LeBron James has issued a stern warning to the father of a future opponent.
Last week LaVar Ball, the father of UCLA freshman Lonzo Ball, a projected top-three pick in the upcoming draft, posited that the sons of great NBA players don't become great players themselves because their parents aren't around.
"Let’s say I really excelled in football and made millions of millions of dollars. Do I spend that time with [my kids] now? No, I have to worry about the offseason and I just buy you a trainer and hope that you turn out okay," said Ball, whose two other signs have also committed to UCLA. "Whereas the fact that I wasn’t all that, allows me to take the time to make my boys all that.”
The outspoken father listed some greats: “There’s been a lot of great players, and all of their sons are whack. Kareem’s got sons, Jordan’s got sons, Shaq’s got sons.”
Then he mentioned LeBron and his sons, LeBron Jr. and Bryce Maximus.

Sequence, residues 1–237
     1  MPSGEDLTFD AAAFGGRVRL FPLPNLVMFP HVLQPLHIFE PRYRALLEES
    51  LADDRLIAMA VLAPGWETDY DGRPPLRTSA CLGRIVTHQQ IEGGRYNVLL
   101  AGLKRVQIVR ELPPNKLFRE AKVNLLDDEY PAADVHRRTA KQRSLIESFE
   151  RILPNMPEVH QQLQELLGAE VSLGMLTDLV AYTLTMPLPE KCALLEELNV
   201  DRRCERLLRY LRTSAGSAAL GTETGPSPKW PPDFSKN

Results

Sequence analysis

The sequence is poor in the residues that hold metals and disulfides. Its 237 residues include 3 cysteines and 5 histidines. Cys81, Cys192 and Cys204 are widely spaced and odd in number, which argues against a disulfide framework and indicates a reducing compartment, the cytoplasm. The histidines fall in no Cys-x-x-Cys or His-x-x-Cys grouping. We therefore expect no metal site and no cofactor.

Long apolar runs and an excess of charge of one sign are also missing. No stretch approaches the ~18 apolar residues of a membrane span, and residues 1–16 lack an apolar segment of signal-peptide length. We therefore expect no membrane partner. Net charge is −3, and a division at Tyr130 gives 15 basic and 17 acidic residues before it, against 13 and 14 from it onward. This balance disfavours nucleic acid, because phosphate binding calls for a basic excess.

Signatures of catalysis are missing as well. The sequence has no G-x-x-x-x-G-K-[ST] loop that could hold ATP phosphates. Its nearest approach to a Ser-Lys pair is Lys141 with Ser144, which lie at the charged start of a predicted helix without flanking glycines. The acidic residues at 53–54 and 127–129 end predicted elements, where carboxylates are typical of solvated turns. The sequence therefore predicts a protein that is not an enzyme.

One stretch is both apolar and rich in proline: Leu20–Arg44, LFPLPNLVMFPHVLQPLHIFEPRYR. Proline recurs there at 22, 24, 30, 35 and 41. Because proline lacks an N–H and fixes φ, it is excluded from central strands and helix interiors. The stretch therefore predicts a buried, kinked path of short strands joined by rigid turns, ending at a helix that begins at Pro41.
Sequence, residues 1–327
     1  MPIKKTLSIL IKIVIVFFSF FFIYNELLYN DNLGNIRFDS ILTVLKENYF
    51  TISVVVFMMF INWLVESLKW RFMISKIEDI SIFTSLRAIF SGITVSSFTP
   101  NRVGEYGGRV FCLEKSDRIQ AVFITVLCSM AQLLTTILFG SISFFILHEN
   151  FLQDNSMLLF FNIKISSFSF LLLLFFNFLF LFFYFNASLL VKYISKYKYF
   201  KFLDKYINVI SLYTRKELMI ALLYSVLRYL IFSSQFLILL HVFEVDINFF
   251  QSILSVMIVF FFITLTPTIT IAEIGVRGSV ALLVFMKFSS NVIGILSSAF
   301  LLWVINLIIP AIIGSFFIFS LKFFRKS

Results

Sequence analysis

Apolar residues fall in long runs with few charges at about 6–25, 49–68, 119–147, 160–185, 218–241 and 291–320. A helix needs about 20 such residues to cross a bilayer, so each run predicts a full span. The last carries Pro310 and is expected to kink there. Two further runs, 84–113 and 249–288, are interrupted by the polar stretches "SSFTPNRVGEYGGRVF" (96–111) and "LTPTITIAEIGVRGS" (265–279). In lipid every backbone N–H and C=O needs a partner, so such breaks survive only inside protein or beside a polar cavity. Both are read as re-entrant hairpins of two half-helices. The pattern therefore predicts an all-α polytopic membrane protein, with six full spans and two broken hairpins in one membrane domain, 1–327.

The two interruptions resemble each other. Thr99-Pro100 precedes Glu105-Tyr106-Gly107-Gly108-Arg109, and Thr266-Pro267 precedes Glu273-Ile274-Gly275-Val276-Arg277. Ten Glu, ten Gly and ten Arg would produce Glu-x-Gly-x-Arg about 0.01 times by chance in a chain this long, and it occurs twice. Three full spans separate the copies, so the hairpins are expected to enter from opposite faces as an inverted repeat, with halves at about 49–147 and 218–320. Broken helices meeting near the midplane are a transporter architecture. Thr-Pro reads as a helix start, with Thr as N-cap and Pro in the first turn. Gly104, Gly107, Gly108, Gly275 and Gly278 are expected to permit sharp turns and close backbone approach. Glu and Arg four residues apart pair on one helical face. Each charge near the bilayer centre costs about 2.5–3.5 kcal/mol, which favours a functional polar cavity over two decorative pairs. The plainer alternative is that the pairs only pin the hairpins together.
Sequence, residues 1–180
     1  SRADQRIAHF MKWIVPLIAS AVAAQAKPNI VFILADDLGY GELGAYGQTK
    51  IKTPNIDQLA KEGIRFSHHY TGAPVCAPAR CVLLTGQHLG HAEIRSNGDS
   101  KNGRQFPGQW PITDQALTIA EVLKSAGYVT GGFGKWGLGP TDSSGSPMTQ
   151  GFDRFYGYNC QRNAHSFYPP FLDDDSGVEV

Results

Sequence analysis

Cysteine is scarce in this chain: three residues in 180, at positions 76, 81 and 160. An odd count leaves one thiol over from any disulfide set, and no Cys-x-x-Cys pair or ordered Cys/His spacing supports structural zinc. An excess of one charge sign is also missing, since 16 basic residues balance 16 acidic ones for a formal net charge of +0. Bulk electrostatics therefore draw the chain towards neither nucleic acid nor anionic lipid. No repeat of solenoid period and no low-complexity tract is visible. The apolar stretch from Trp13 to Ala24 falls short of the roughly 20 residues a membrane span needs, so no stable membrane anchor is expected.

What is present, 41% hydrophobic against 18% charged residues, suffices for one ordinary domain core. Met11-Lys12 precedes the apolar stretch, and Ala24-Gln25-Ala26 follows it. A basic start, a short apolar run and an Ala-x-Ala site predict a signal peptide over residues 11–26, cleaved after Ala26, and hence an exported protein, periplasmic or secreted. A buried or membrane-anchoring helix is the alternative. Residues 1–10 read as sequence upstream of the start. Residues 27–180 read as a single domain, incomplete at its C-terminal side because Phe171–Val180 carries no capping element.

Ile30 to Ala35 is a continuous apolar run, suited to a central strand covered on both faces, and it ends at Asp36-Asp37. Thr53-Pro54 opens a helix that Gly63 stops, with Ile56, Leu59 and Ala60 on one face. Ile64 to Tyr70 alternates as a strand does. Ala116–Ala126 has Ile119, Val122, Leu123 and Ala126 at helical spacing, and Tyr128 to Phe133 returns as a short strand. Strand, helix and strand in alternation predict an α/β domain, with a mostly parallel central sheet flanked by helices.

"You got LeBron, it’s gonna be so hard for his kids, cause they gonna look at them like ‘you gotta be just like your dad,'" Ball said. "And after a while that pressure starts sitting on you like ‘why do I gotta be like him, why can’t I just be me?’ And then they’re gonna be like ‘aw, you’re soft, you’re not that good.’ Because the expectation is very, very high.”
James responded on Tuesday, while his Cleveland Cavaliers were practicing on UCLA's campus.
"Keep my kids' name out of your mouth. Keep my family out of your mouth," James said. "This is dad to dad. It's a problem now. … He can talk all about his brand, talk about his sons, talk about basketball, talk about me. But keep my family out of this."
LeBron Jr. already has scholarship offers from college basketball powerhouses Duke and Kentucky.
Despite his father's words, James was complimentary of Lonzo, a 6'6" point guard with elite passing and shooting skills to go along with good defensive potential.
"I actually like his son," James said. "I like his game."
So it would be a shame for him to have to vanquish Lonzo in front of his dad.